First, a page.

Since the end of the Great Recession in mid-2009 virtually every sector of the US economy has recovered and exceeded prior levels in economic activity. Every sector except housing, but that might be changing.
As we have mentioned before, the fundamentals for continued US economic growth are strong even though housing, one sector that has lagged, was yet to recover. Housing now seems poised to accelerate and that is good news for the economy if we can find the workers.
There have been numerous reasons postulated for housings slow growth; the lingering psychological effects of the Great Recession, the end of sub-prime loans, bank's unwillingness to lend, the delay of Millenials forming households, etc. We believe it is likely a combination of all these factors have contributed to slower housing growth. We believe as well that all of those factors have receded and that we're on the cusp of a housing boomlet. We see two factors driving that - a record low Vacancy Rate and Millenial Household Formation returning to Life Cycle Theory expectations.
Increasing household formation, especially by Millenials drives up the need for housing and as they buy or rent homes it also increases the need for furniture, appliances, etc. The next step is usually children which creates not just a need for 18 to 22 years of spending on those children, it often means a larger home.
A record low Vacancy Rate simply means that the housing supply is tight. As seen in the chart below, Housing Starts have returned to an 'average level but well below the previous peaks. At the same time, the US Homeownership Rate is relatively low, while the Vacancy Rate is at historically low levels.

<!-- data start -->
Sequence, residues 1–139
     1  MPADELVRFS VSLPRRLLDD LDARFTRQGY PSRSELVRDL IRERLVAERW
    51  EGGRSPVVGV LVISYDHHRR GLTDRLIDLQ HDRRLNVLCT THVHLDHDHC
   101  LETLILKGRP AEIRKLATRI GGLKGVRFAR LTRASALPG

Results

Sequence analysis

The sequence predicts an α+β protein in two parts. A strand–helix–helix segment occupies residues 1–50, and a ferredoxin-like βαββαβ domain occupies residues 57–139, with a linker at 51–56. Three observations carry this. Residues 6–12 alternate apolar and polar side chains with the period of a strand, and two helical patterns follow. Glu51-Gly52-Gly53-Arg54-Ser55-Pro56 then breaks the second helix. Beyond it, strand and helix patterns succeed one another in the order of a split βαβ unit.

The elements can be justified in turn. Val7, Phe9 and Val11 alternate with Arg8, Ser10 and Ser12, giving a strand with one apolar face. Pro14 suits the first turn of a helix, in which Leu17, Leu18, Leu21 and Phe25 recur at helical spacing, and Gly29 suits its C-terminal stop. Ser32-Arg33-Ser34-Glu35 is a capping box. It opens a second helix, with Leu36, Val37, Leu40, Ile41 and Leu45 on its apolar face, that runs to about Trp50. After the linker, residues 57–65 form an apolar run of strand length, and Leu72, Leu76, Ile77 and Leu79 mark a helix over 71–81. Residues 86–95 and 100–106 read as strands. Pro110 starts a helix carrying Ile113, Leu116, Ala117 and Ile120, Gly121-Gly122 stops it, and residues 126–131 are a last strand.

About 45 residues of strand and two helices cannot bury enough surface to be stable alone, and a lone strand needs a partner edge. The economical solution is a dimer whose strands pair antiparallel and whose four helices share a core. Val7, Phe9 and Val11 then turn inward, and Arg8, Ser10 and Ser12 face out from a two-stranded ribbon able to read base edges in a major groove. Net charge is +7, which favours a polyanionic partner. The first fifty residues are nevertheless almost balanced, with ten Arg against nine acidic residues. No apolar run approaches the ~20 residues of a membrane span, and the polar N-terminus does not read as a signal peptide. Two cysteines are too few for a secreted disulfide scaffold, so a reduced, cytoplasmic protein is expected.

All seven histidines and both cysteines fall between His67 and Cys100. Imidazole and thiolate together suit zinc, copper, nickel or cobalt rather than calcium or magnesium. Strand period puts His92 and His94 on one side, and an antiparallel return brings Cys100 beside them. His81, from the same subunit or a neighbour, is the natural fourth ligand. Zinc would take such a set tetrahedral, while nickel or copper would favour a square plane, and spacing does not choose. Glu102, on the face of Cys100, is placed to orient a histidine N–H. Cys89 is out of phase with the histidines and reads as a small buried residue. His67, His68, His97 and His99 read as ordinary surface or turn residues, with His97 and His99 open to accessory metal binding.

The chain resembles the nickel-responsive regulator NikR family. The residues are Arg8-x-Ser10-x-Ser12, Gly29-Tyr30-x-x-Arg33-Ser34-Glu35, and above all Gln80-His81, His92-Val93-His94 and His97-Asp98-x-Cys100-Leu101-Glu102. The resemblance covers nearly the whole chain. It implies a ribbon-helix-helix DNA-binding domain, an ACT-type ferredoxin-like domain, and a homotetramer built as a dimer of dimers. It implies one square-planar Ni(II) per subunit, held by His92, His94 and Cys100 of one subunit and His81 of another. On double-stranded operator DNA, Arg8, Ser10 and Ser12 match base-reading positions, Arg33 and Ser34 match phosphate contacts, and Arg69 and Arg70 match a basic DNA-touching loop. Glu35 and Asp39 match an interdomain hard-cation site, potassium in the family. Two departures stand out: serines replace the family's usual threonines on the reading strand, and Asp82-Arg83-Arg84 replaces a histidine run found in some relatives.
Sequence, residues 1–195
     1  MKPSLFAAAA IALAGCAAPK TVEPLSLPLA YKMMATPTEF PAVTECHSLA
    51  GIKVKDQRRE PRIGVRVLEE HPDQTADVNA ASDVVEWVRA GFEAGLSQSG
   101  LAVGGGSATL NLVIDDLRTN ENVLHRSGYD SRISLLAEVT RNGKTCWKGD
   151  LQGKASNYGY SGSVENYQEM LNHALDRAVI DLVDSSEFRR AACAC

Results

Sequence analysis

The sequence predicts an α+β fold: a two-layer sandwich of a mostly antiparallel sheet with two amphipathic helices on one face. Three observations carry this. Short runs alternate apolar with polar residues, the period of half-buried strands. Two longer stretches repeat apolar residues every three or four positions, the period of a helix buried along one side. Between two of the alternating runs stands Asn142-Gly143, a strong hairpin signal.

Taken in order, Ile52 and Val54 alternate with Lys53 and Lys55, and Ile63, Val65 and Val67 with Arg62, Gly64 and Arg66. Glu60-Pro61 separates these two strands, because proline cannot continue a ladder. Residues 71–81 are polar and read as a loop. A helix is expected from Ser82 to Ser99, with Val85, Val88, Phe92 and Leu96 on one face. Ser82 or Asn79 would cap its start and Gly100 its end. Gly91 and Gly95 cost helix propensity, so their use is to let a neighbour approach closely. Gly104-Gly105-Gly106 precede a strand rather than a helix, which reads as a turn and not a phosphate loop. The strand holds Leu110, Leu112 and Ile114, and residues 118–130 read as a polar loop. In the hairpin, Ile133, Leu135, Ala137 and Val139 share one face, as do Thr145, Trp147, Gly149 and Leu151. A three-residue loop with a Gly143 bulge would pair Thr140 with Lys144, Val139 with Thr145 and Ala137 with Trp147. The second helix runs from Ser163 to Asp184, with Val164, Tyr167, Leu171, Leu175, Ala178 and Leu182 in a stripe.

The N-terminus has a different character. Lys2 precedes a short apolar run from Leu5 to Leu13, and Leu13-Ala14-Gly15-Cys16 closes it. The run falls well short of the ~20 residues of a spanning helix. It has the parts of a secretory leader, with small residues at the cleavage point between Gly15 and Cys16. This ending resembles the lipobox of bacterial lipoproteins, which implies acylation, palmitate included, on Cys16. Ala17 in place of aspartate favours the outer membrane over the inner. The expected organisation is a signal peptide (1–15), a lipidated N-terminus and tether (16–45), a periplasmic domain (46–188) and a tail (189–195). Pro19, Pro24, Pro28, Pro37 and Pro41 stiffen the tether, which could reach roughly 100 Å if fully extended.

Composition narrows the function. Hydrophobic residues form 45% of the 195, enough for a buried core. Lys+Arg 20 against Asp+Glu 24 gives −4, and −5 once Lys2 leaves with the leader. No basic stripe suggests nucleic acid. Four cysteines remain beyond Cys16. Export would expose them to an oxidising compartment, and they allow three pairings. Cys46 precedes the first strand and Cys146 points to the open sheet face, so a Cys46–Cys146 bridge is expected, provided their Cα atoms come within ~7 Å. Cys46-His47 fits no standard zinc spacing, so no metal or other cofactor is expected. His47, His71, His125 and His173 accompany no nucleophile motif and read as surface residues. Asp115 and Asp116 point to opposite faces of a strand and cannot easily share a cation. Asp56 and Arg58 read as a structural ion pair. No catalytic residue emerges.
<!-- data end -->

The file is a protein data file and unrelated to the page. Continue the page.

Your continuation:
The average US population growth is slightly greater than 2,000,000 people per year, the unemployment rate is at record lows, wages are rising the fastest in real terms in decades, Millenials are forming households and starting families, and the housing supply already tight. There is little doubt that homebuilders will recognize the increasing potential gap between supply and demand with so many of these economic drivers at or near record levels. We expect homebuilders to increase the rate at which they are building homes to meet this demand. As we have said previously, we expect to see some acceleration in economic activity and growth in 2020 - with one caveat - we may need to find more workers. The JOLTs reports (Job Openings and Labor Turnover Survey) this month reported job openings of 7.25 million, the 19th consecutive month over 7 million. But, currently, there are only 5.8 million people looking for jobs, the lowest level in 2 decades, and that could be a limiting factor in economic growth.